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Real-terms wages in the UK fell by more than 10% between 2007 and 2015, the biggest fall among leading OECD countries, according to new analysis by the Trade Union Congress (TUC).

TUC analysis of OECD data reveals that real wages in the UK fell by 10.4% over the eight year period, equaled only by Greece who have also experienced a 9% drop in the number of people in work compared to a 0.6% increase in the UK.

Meanwhile, countries such as Germany and Hungary have seen employment rise and wages grow at the same time.

The UK, Greece and Portugal were the only three OECD countries to see real wages fall between 2007 and 2015.

Real wages grew in Poland by 23%, in Germany by 14%, and in France by 11%. Across the OECD, real wages increased by an average of 6.7%.

Frances O’Grady, TUC general secretary, said: “Wages fell off the cliff after the financial crisis, and have barely begun to recover.

“As the Bank of England recently argued, the majority of UK households have endured a ‘lost decade of income’.

“People cannot afford another hit to their pay packets. Working people must not foot the bill for a Brexit downturn in the way they did for the bankers’ crash.

“This analysis shows why the government needs to invest in large infrastructure projects to create more decent, well-paid jobs. Other countries have shown that it is possible to increase employment and living standards at the same time.”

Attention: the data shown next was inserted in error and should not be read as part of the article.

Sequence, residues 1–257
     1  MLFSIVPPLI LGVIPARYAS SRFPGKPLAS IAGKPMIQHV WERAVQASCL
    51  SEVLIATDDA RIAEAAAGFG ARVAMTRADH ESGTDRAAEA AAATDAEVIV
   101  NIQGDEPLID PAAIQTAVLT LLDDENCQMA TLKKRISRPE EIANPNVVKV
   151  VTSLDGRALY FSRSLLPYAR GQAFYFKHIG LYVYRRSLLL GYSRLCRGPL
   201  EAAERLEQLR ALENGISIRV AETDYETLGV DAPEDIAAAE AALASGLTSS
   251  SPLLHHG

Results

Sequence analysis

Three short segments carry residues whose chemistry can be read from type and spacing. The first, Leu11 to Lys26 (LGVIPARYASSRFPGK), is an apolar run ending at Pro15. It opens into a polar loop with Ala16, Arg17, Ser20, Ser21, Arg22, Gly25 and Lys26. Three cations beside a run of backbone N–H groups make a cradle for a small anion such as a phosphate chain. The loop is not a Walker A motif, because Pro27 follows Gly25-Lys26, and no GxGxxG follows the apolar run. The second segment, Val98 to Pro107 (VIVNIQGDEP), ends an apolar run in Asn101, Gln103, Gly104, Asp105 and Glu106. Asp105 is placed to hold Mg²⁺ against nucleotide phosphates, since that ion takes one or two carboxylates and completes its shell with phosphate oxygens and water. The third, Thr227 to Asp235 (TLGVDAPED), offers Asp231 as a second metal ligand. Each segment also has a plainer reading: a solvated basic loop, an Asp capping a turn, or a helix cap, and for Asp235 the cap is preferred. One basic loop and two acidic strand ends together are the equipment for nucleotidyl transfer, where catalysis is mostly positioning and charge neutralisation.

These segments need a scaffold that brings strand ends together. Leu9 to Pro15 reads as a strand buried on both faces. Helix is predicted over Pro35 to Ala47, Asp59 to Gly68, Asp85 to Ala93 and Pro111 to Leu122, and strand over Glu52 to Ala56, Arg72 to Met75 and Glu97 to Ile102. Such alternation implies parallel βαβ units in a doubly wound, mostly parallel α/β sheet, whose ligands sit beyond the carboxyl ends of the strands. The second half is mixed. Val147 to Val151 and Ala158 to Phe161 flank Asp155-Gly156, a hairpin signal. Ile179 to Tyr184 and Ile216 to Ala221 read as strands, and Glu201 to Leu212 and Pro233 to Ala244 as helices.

Rob Joyce, an IFS researcher, told The Guardian: “It is not just unusual in international terms but also unusual historically for the UK.

“Real wages have fallen and haven’t recovered. That’s striking.”

A Treasury spokesperson said the “UK employment rate has grown more than any G7 country”, adding: “Living standards have reached their highest level and wages continue to rise faster than prices – and will be helped by the new national living wage”.

However, they conceded: “There is more to do to build an economy and country that works for everyone not just a privileged few, and we are determined to do exactly that.”

A recent study found that two-thirds of children living in poverty now come from a household where at least one adult is in work. Only a third of children below the poverty line live in households where nobody works.

IFS director Robert Joyce, a co-author of the study, said: “Tackling low income is increasingly about tackling the problems faced by low-earning working households.

“In the short term this would be aided by a continued recovery in the number of hours worked by those on low wages or by more second earners entering work.

“Ultimately substantial progress will depend crucially on economic policies that push up productivity. Economic uncertainty following the Brexit vote will only serve to make these challenges all the tougher.”

The number of children in poverty has increased by 20,000 in only a year. DWP figures show there were 3.9 million children living in “relative poverty” in 2014-15, up from 3.7 million the previous year.